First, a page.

Archive for May 5, 2022

Thursday, May 5, 2022

ReadKit 3

Balazs Varkonyi:

  • Universal app: same features and same services are supported on iOS and macOS.
  • Brand new macOS application with new design and improved functionality.
  • New supported services on macOS: BazQux, FreshRSS, Inoreader, Miniflux, The Old Reader, Tiny Tiny RSS, Wallabag.
  • Safari Extension to subscribe to feeds from Safari on macOS.
  • Improved focus-based navigation with left/right arrow keys.

The old Mac app was an iOS-style AppKit app. Now it’s an iOS-style Catalyst app, with many parts written using SwiftUI.

ReadKit 2.5 was $9.99. The new version is free (with no ads) and has premium features available for a $9.99/year subscription ($1.99/month or $39.99 lifetime):

  • Universal purchase: all premium features are available on both iOS and macOS with a single purchase.
  • Multiple accounts: use it with two or more accounts at the same time. Allows you to save articles from RSS feeds to read-later accounts.
  • Unlimited feeds: unlocks the limit of 20 feed for the built-in RSS service.
  • Manage folders and tags: allows to organize feeds and read-later articles into folders or tags.
  • Reader mode: displays the full text of article, even if it’s not included in the feed source.

OPML import and export are also premium features, though likely also available via your syncing service, if you have one. iCloud syncing for local accounts is promised for an upcoming version.


Open Letter About Apple Remote Work

Stephen Warwick (Hacker News):

A group of Apple employees has penned an angry letter to the company’s executive team over its office-bound work policy that doesn’t let them work remotely for more than two days a week.


The group says the most important reason that the hybrid working pilot is bad, is because it sends a bad message to customers:

We tell all of our customers how great our products are for remote work, yet, we ourselves, cannot use them to work remotely? How can we expect our customers to take that seriously? How can we understand what problems of remote work need solving in our products if we don’t live it?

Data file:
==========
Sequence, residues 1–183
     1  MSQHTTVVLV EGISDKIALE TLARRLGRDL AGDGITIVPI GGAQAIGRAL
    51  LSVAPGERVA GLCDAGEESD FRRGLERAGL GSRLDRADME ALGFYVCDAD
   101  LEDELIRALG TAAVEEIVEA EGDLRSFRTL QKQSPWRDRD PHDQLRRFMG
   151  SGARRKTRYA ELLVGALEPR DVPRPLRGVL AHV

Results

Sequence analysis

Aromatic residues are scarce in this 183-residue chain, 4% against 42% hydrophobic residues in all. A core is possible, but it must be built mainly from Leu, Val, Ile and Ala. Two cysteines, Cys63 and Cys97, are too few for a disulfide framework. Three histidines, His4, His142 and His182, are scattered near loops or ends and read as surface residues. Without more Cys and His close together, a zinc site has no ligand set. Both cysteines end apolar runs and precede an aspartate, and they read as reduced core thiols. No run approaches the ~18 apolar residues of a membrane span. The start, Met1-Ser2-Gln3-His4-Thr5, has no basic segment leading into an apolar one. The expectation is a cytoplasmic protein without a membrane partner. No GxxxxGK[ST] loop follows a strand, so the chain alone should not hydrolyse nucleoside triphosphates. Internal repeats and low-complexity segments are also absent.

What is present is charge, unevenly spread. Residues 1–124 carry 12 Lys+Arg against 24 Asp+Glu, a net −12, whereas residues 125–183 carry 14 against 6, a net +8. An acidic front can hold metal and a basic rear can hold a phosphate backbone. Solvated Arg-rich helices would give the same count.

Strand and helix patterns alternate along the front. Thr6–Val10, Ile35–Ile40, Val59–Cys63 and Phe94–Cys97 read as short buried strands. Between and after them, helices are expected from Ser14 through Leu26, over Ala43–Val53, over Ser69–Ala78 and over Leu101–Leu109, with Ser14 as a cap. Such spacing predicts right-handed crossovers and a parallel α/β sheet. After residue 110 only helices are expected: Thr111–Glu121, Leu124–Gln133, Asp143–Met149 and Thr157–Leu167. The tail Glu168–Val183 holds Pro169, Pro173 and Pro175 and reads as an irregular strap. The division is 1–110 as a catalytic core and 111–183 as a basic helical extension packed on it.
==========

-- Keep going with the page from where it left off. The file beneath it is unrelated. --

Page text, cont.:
The same irony was not lost in a March video posted by the company touting the benefits of remote working using devices like its best iPhones, iPads, and MacBooks for remote collaboration. The film told the story of a group called ‘The Underdogs’ who literally escape “from their evil boss’s clutches.”

Apple Together:

In your first email titled “Returning to our Offices”, you talk about “the serendipity that comes from bumping into colleagues” when everyone is in the same place. Except we are not all in one place. We don’t have just one office, we have many. And often, our functional organizations have their own office buildings, in which employees from other orgs cannot work. This siloed structure is part of our culture. It doesn’t take luck to overcome the communication silos and make cross-functional connections that are vital for Apple to function, it takes intentionality. We need to be able to reach out to each other intentionally, and have the chance to do so.

Slack has made this much easier over the last two years. Yet, you choose to keep us all in separate siloed Slack workspaces and try to prevent us from talking to each other, so software engineers don’t accidentally talk to AppleCare employees, and retail staff don’t accidentally meet hardware engineers.